This post is a little overdue (by 6 months), but whatever- my stories, my schedule. Or something... The thoughts and emotions remain valid..
So in one of my previous posts i mentioned that my last bunch of lab tests were... Interesting. Everytime i get blood drawn for an appointment with my doctor, she tests my HbA1C, my lipid profile, and my TSH (thyroid stimulating hormone) levels. Once a year or so she tests for a whole bunch of other stuff. But for my regular blood draws, those are the golden three. I had tests done towards the end of last year and lipids and TSH came back normal and my HbA1c was hugely improved (yay!). Fast forward a few months to my next bunch of pre-appointment tests at the end of april this year: my TSH levels came back high. Like, 10-times-what-they-should-be high. Like, good glory, how-are-you-not-falling-over-puffy-skinned-and-where-is-your-goitre?? kind of high... (and with it some less than ideal lipogram results, and an unchanged HbA1c- well yay for that at least?). Some more tests (which I had to pester my doctor for a bit more than i would have liked, surely confirmatory tests should be normal before you make a diagnosis? Otherwise it's just an assumption? A well educated guess?) confirmed that i did indeed have elevated antibodies against my thyroid, and lowered T3/T4 levels.
Well hi, hashimoto's hypothyroid, nice to meet you...
I know that this is not, technically, a big deal. I know that hypothyroidism is relatively common among women in general, and that a lot of people with type 1 diabetes have hypothyroidism. And i know it's easily managed. A pill, once a day, every day for the rest of your life, and you're A-OK. Please, in comparison to testing blood sugar 8-10 times a day, multiple injections or pumping insulin, lowering highs, raising lows, watching what you eat and making sure to get regular exercise- and avoiding lows in the progress? In comparison, one pill a day and regular blood tests (which i do anyway) is nothing. Really.
I am not overly upset or stressed about this. Exhausted, maybe, at the thought of having one more thing to deal with. Exhausted, just in general? I confess, there is something particularly disconcerting about realising that , despite all your efforts to control a pre-existing chronic condition (diabetes), your current lifestyle is so unhealthy, so high-paced and high-pressured and so sleep-deprived; that you assume it's perfectly reasonable and normal to feel as crap as you do, to be permanently exhausted, emotional, stressed out and on-edge, that you don't even recognise the way you feel to be symptoms of a disease state. Surely, surely, there's something wrong with that? And, perhaps, something wrong with the post-graduate research system, or the research community, and maybe even society, that we encourage and reward people who live like this? Maybe? (ok, perhaps that's a tirade for another post).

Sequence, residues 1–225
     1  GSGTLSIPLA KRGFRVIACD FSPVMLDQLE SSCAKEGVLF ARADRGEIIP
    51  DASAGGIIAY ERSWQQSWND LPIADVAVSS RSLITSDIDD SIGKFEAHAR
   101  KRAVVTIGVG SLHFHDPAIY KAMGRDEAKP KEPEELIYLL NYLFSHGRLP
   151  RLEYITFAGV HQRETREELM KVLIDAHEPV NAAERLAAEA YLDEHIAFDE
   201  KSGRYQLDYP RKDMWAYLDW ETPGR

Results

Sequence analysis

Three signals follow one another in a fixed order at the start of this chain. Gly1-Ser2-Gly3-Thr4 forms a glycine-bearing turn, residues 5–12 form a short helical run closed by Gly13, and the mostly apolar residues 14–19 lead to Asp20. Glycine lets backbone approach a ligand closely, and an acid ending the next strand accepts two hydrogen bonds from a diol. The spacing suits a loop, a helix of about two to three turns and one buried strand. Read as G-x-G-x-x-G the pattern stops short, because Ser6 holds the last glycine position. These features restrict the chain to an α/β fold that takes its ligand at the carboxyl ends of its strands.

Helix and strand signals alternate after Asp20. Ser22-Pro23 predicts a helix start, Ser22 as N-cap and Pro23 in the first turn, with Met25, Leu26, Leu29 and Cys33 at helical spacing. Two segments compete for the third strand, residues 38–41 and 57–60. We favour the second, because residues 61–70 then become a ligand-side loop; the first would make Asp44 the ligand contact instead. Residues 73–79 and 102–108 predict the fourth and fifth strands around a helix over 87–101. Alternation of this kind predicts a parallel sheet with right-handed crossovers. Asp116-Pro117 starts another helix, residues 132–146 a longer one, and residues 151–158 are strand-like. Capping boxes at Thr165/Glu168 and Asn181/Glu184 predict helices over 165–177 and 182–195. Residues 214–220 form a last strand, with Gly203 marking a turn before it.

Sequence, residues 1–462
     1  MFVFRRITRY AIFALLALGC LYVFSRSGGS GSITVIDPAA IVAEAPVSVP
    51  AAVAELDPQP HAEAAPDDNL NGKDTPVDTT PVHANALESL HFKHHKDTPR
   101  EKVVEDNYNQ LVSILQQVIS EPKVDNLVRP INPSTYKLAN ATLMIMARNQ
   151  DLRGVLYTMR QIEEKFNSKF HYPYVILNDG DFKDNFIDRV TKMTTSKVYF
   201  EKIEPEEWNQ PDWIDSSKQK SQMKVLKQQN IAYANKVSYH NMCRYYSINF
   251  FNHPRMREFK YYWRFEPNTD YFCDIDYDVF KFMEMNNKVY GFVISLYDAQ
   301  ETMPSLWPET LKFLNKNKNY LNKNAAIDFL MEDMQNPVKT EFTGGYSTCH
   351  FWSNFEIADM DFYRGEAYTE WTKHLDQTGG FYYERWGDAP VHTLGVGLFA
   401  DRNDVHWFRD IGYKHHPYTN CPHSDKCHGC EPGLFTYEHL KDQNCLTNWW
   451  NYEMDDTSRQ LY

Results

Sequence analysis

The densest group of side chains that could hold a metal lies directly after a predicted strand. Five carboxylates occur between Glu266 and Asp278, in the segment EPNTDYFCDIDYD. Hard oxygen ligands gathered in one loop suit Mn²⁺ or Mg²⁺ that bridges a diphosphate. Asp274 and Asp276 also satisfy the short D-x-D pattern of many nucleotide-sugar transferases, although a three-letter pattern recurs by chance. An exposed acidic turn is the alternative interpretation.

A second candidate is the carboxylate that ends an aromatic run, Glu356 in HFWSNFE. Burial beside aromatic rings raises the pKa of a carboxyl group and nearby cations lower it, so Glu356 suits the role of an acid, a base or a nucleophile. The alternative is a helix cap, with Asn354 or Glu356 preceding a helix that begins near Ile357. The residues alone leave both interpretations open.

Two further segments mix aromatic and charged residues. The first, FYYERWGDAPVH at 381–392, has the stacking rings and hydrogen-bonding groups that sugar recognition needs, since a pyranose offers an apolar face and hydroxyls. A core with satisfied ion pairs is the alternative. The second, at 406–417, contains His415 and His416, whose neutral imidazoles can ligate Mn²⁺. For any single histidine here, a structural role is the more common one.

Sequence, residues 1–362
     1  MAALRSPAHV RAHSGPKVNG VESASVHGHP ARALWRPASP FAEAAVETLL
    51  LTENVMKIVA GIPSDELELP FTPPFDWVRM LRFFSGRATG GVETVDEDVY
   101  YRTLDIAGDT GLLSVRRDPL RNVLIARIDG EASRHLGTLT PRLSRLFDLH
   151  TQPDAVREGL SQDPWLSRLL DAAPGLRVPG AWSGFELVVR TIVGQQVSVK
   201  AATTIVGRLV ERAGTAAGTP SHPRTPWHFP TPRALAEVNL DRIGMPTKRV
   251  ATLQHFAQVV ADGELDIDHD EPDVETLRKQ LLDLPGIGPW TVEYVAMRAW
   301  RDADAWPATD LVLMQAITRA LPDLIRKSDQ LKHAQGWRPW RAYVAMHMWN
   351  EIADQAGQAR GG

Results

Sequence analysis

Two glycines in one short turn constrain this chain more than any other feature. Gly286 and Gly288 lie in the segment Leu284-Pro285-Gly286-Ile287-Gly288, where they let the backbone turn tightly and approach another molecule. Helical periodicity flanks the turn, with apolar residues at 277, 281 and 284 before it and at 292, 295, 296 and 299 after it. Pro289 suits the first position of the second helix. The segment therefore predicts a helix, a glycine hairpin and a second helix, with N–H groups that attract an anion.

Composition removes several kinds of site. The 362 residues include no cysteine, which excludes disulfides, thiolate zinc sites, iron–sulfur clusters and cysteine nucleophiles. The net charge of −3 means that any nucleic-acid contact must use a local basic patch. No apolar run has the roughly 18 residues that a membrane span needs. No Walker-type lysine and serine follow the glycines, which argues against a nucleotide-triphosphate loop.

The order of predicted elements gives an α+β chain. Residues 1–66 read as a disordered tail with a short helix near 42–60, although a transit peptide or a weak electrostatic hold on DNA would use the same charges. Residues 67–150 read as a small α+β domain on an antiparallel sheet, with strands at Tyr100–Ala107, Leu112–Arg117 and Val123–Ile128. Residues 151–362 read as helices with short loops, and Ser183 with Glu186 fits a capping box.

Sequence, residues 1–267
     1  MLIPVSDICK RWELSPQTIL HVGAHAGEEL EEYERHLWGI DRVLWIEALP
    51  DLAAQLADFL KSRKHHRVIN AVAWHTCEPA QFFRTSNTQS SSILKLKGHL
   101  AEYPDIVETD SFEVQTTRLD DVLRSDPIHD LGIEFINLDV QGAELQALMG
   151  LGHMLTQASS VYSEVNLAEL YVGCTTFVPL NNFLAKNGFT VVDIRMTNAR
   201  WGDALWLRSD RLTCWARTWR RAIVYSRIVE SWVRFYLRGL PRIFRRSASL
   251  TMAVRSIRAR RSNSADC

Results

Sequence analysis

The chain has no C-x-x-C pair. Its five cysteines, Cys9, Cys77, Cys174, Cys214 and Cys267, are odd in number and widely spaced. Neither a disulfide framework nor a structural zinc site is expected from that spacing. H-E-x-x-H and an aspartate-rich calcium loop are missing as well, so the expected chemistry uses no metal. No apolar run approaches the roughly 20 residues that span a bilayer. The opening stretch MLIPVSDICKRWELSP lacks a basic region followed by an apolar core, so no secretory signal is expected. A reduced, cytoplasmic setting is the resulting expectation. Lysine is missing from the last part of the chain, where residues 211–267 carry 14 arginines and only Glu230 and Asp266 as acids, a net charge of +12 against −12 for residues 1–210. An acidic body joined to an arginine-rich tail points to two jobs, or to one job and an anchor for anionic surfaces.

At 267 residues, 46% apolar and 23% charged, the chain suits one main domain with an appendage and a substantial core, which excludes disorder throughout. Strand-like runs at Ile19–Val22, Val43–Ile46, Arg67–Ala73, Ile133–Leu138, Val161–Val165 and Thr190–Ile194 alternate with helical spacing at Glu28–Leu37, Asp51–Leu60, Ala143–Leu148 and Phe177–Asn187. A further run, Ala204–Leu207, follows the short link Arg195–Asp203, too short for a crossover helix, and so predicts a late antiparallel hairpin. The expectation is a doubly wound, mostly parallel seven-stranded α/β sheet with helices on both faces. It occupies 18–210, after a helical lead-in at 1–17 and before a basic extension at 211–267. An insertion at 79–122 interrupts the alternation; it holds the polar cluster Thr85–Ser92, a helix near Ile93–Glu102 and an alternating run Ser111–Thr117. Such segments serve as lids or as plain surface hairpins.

Aside from my exhaustion, there is a slight sense of mourning, a sense of loss that doesn't particularly make much sense. I'm already used to having one endocrine gland that doesn't work all that well, and resigned to living with it for the rest of my life. So the life-long aspect of hashimoto's is not a big deal for me. Maybe its more just the fact that i was so young when my pancreas died that its just always been my "normal" for me. This is the first time i have to consciously realise and accept that a part of my body that was working just fine not too long ago is now defunct. Dead. No more. And with it, my body has lost one more tool available to it to fine tune and regulate my metabolism and maintain homeostasis. And so, even though i can just take eltroxin and carry on and this doesn't really affect much else, on the other hand, in a myriad of small ways, this affects everything. And that makes me a little sad.